Larson-Smith, K. & Pozzo, D. C. Scalable synthesis of self-assembling nanoparticle clusters based on controlled steric interactions. Soft Matter 7, 5339–5347 (2011)
Wang, P. H. & Pan, C.-Y. Preparation of styrene/acrylic acid copolymer microspheres: polymerization mechanism and carboxyl group distribution. Colloid Polym. Sci. 280, 152–159 (2002)
Hu, X., Liu, H., Ge, X., Yang, S. & Ge, X. Preparation of submicron-sized snowman-like polystyrene particles via radiation-induced seeded emulsion polymerization. Chem. Lett. 38, 854–855 (2009)
Bates, F. S. Polymer-polymer phase behavior. Science 251, 898–905 (1991)
Asai, M., Cacciuto, A. & Kumar, S. K. Quantitative analogy between polymer-grafted nanoparticles and patchy particles. Soft Matter 11, 793–797 (2015)
Geerts, N. & Eiser, E. Flying colloidal carpets. Soft Matter 6, 664–669 (2010)
Sheu, H. R., El-Aasser, M. S. & Vanderhoff, J. W. Uniform nonspherical latex particles as model interpenetrating polymer networks. J. Polym. Sci. A 28, 653–667 (1990)
Mock, E. B., De Bruyn, H., Hawkett, B. S., Gilbert, R. G. & Zukoski, C. F. Synthesis of anisotropic nanoparticles by seeded emulsion polymerization. Langmuir 22, 4037–4043 (2006)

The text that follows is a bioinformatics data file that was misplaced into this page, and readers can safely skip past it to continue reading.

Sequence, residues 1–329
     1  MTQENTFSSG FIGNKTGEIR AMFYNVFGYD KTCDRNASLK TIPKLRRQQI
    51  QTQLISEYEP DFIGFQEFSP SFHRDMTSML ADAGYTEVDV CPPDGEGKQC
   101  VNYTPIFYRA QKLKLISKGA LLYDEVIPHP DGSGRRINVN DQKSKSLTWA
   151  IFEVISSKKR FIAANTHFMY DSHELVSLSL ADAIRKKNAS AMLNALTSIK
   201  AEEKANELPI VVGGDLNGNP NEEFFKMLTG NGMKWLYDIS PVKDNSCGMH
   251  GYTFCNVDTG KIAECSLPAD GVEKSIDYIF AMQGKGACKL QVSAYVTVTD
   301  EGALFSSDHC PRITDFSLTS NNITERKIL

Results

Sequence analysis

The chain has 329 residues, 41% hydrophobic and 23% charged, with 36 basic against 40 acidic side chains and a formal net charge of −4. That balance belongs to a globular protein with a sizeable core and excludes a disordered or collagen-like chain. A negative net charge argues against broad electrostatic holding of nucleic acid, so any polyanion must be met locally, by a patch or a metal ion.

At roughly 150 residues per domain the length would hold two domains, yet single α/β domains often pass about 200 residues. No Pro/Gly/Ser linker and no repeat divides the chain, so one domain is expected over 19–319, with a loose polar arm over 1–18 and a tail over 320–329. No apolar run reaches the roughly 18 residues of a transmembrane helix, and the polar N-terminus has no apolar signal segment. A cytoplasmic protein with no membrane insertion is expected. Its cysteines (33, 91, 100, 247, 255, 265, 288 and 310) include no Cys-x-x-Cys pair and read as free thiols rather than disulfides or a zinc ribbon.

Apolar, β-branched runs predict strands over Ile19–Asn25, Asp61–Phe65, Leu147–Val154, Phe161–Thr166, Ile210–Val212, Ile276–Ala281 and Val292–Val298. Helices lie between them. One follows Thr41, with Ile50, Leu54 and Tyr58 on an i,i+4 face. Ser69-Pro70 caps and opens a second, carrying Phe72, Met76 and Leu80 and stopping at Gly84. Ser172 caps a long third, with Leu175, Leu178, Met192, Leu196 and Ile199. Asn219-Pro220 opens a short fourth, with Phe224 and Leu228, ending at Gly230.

Kraft, D. J., Groenewold, J. & Kegel, W. K. Colloidal molecules with well-controlled bond angles. Soft Matter 5, 3823 (2009)
Marchand-Brynaert, J., Deldime, M., Dupont, I., Dewez, J.-L. & Schneider, Y.-J. Surface functionalization of poly(ethylene terephthalate) film and membrane by controlled wet chemistry: chemical characterization of carboxylated surfaces. J. Colloid Interf. Sci. 173, 236–244 (1995)
Dinsmore, A. D. et al. Colloidosomes: selectively permeable capsules composed of colloidal particles. Science 298, 1006–1009 (2002)
Chen, T., Zhang, Z. & Glotzer, S. C. Simulation studies of the self-assembly of cone-shaped particles. Langmuir 23, 6598–6605 (2007)
Deegan, R. D. et al. Capillary flow as the cause of ring stains from dried liquid drops. Nature 389, 827–829 (1997)
Berg, J. M., Tymoczko, J. L. & Stryer, L. Biochemistry (ed. Stryler, L. ) (W. H. Freeman and Company, 2002)
Tompa, P. & Fuxreiter, M. Fuzzy complexes: polymorphism and structural disorder in protein–protein interactions. Trends Biochem. Sci. 33, 2–8 (2008)
Freund, S. M. V., Johnson, C. M., Jaulent, A. M. & Ferguson, N. Moving towards high-resolution descriptions of the molecular interactions and structural rearrangements of the human hepatitis B core protein. J. Mol. Biol. 384, 1301–1313 (2008)
Groschel, A. H. et al. Guided hierarchical co-assembly of soft patchy nanoparticles. Nature 503, 247–251 (2013)
Crassous, J. J. et al. Field-induced assembly of colloidal ellipsoids into well-defined microtubules. Nature Commun. 5, 5516 (2014)
van Ravensteijn, B. G. P., Kamp, M., van Blaaderen, A. & Kegel, W. K. General route toward chemically anisotropic colloids. Chem. Mater. 25, 4348–4353 (2013)
Asakura, S. & Oosawa, F. On interaction between two bodies immersed in a solution of macromolecules. J. Chem. Phys. 22, 1255 (1954)
Bhattacharyay, A. & Troisi, A. Self-assembly of sparsely distributed molecules: an efficient cluster algorithm. Chem. Phys. Lett. 458, 210–213 (2008)